Inevitably, hiring is a complex process. From creating an engaging job spec, to facilitating a process that allows you to successfully evaluate a candidates skills, competencies and cultural fit. Beyond this, you want to be attracting the best talent – not only to encourage them to apply, but to remain engaged with the process. That’s why it’s fundamental to create an engaging remote recruitment experience. 

Hiring remotely has some additional complications. You’re likely to be relying on remote video conferencing rather than a face-to-face interview, and it can be harder for a candidate to evaluate what life would really be like if they were to join. 

Considering all of the above, the key question is, how do you create an engaging remote recruitment experience?

coffee, computer, cup

Create an appealing job specification

When you’re in a position to hire someone new, you’ve already considered what skills you’re looking for, and what you’re wanting that person to bring to the team. But how do you make sure you create a job specification that inspires applicants to apply, and gives a realistic insight into the company and role?

It’s more than creating a list of requirements (as important as this is). It’s also about giving an insight into the wider team and company. How would you describe the company culture?  What are your company values? How do you measure success?

This can all link back to your wider employer branding strategy. How are you creating an enticing environment for candidates? Consider too the tools you’re using. Ideas can include:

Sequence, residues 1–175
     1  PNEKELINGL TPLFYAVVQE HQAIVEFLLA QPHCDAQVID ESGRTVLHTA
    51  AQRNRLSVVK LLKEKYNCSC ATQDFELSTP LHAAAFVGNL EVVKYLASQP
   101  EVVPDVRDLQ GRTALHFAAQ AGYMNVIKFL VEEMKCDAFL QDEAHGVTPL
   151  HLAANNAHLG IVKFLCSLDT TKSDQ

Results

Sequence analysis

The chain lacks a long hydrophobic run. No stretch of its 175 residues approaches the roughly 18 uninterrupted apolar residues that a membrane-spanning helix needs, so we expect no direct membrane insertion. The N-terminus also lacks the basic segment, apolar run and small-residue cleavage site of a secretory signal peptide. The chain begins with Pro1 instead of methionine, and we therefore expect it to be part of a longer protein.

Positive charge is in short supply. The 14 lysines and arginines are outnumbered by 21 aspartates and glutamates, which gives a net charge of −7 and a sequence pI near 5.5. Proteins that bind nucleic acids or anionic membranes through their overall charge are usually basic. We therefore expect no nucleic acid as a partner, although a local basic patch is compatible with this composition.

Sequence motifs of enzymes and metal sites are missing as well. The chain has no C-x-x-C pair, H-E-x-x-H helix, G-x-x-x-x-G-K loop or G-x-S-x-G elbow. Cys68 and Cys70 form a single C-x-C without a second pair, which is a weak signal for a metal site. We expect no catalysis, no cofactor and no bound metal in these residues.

• Videos showcasing life at the company, featuring authentic interviews with existing staff members.
  • Videos from senior people within the business – introducing themselves and giving further information about the organisation.
  • High-level video demos showcasing what the company does – you may even consider using content that has already been created for prospective clients.
  • Photos from company meet-ups – don’t be afraid to show the fun side of work!
Be clear on the process from the start

Often, recruitment cycles don’t quite go to plan. But there should be a clear process, and it’s important to be upfront with candidates about this. Without being clear about what candidates should expect, it’s far more difficult to create an engaging remote recruitment experience. Creating  a simple graphic which clearly explains to candidates what they can expect from the process is a fundamental – as is sticking with it.

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Be careful about timelines. You should have a clear expectation around how long you’d expect the process to take – but be realistic and create space for the unexpected. Once you’ve promised a candidate a certain timeline, it’s only reasonable that they’ll expect you to follow through.

Show Transparency